• Even small changes, like using a localeLocale A locale is a combination of language and regional dialect. Usually locales correspond to countries, as is the case with Portuguese (Portugal) and Portuguese (Brazil). Other examples of locales include Canadian English and U.S. English. or loading 30 posts rather than 10, can make a big difference.
  • It’s important to think about which environments we want to run tests in. A few sample environments – a little content, a lot of content, one without any language pack, one with a different locale, etc.
  • We can start small and expand as we will never be able to cover the real world. It’ll always be limited. Most important thing is that we test across consistent environments. No matter how good we make this, there will always be some variance in performance results.
  • @tweetythierry brought up the need to differentiate between consistency and variance coverage. With automated testing, important to have consistency in setup but we shouldn’t just rely on one set of configuration forever. Should do it manually to increase variance coverage. It’s super important to have consistency though at the end of the day.
  • @spacedmonkey brought up wanting to profile in different languages since 58% of sites aren’t running in English. There’s a solid chance that there’s low hanging fruit on translated strings that could really add up for majority of sites.

Profilers and tooling

  • Discussed Blackfire accounts for core contributorsCore Contributors Core contributors are those who have worked on a release of WordPress, by creating the functions or finding and patching bugs. These contributions are done through Trac. https://core.trac.wordpress.org. as there’s been conversations with them in the past. It’s not open sourceOpen Source Open Source denotes software for which the original source code is made freely available and may be redistributed and modified. Open Source **must be** delivered via a licensing model, see GPL. though and couldn’t be used broadly for pluginPlugin A plugin is a piece of software containing a group of functions that can be added to a WordPress website. They can extend functionality or add new features to your WordPress websites. WordPress plugins are written in the PHP programming language and integrate seamlessly with WordPress. These can be free in the WordPress.org Plugin Directory https://wordpress.org/plugins/ or can be cost-based plugin from a third-party and theme authors for example.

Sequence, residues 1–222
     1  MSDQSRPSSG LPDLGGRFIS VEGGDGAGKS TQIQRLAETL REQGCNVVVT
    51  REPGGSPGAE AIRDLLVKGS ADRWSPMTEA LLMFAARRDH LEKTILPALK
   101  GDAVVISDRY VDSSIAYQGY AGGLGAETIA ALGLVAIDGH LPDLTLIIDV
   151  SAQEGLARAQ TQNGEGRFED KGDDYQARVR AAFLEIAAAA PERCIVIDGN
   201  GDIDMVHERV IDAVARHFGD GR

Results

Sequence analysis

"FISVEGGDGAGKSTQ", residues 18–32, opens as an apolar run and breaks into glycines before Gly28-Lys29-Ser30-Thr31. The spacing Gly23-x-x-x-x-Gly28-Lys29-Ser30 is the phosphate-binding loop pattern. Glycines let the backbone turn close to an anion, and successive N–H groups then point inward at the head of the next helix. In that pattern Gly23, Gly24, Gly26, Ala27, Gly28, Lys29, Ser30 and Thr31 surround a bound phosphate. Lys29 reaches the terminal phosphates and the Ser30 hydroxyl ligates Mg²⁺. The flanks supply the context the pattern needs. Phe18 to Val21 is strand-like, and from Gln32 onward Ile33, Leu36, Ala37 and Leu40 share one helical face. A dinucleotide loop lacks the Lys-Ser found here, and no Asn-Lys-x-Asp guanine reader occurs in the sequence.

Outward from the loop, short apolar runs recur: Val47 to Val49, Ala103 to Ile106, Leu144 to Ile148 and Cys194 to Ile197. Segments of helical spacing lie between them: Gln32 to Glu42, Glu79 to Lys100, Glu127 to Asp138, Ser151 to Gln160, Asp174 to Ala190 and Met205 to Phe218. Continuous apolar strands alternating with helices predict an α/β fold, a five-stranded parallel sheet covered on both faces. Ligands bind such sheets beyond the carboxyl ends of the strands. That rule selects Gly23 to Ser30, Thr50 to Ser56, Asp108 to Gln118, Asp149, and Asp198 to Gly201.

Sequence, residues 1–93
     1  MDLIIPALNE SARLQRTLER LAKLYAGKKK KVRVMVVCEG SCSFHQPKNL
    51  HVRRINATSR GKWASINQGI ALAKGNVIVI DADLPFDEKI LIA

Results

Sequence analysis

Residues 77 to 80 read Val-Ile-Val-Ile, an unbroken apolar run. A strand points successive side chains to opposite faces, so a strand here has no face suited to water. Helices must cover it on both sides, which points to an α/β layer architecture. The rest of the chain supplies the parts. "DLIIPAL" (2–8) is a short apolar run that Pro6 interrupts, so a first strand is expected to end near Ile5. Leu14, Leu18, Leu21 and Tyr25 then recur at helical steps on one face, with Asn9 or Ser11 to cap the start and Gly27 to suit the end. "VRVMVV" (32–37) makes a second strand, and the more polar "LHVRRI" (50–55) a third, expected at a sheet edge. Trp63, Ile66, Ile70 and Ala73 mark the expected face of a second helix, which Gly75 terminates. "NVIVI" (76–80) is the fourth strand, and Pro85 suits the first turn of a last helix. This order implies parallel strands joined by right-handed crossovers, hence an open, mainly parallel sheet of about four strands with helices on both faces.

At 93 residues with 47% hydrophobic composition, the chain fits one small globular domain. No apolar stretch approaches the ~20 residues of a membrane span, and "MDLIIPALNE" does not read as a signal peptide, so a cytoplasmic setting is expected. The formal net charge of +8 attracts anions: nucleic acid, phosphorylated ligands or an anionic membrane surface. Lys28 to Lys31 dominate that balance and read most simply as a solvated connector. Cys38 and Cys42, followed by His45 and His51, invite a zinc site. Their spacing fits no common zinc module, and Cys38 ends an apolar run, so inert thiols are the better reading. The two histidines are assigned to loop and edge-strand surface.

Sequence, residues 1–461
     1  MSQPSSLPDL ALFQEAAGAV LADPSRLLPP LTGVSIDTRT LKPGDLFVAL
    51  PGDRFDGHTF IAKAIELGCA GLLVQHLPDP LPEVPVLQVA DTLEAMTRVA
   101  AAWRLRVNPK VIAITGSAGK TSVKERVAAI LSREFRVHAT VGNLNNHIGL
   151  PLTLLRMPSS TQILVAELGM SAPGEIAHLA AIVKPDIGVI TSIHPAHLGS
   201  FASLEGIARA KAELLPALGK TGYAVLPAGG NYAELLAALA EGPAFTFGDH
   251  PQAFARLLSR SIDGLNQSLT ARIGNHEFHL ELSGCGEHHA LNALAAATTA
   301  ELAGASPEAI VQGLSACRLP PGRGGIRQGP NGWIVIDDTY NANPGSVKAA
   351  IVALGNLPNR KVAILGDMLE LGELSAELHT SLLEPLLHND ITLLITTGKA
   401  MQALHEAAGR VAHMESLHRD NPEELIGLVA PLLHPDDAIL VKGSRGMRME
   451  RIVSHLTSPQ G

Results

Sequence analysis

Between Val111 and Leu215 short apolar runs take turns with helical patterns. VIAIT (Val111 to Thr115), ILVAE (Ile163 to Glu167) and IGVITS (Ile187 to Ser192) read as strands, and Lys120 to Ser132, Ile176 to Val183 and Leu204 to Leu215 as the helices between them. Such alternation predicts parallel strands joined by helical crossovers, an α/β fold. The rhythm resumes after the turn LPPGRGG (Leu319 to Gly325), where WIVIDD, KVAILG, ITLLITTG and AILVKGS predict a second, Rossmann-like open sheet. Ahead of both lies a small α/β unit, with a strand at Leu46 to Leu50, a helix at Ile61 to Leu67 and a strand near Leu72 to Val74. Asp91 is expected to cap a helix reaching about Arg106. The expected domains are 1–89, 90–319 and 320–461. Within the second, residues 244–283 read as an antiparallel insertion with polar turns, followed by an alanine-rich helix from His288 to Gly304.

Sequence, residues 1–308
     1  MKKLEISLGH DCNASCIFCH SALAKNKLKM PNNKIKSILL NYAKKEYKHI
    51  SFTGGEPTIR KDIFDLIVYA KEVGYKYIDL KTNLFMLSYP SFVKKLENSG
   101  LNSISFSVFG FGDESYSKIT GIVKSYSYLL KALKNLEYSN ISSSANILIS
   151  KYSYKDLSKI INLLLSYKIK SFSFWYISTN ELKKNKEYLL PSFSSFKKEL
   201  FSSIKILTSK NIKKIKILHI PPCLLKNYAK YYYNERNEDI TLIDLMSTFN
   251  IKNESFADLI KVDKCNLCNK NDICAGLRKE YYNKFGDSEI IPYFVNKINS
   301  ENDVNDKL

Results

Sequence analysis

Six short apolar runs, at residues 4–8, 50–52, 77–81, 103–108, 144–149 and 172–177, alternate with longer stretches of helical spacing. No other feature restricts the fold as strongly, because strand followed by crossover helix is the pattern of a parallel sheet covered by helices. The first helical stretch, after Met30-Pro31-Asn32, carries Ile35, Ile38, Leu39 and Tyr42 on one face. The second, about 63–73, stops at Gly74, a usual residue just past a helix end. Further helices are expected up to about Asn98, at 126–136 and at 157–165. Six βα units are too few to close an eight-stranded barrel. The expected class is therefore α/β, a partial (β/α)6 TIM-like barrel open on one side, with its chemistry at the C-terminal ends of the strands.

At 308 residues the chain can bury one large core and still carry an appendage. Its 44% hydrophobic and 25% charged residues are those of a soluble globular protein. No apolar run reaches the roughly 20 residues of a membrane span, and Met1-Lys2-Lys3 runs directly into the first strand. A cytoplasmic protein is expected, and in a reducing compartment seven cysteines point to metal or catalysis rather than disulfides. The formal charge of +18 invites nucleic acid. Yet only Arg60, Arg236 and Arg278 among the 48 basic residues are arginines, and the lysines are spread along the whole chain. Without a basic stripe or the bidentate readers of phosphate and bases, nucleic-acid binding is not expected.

• @spacedmonkey said to pingPing The act of sending a very small amount of data to an end point. Ping is used in computer science to illicit a response from a target server to test it’s connection. Ping is also a term used by Slack users to @ someone or send them a direct message (DM). Users might say something along the lines of “Ping me when the meeting starts.” him if folks would like an account for testing and exploration.
  • This is another area that needs clear documentation on how to setup and what to use.

GutenbergGutenberg The Gutenberg project is the new Editor Interface for WordPress. The editor improves the process and experience of creating new content, making writing rich content much simpler. It uses ‘blocks’ to add richness rather than shortcodes, custom HTML etc. https://wordpress.org/gutenberg/ measuring more frontend metrics

  • @flixos90 asked @oandregal about the work being done in Gutenberg to add more frontend rendering metrics.
  • Currently, there aren’t many numbers yet for LCP since it just landed a few days ago.
  • Time to first byte doesn’t have much variance when comparing against something like typing that has a lot more variance.
  • With frontend measurements having less variance, it should be easier to find regressions since they are more stable than the others. 
  • Thus far, not a ton of data but need to be mindful of the data because of the current setup. For example, we need the template we are using to use big images to spot other kinds of regressions.
  • @flixos90 shared the web vitals GitHub repo that is supposed to be very close to how core web vitals are measured.
  • @oandregal shared that there are some things this library does that the tests he implemented don’t do. Especially as we grow and add more metrics, it would help to go with a library.

Links Shared

#hallwayhangout, #performance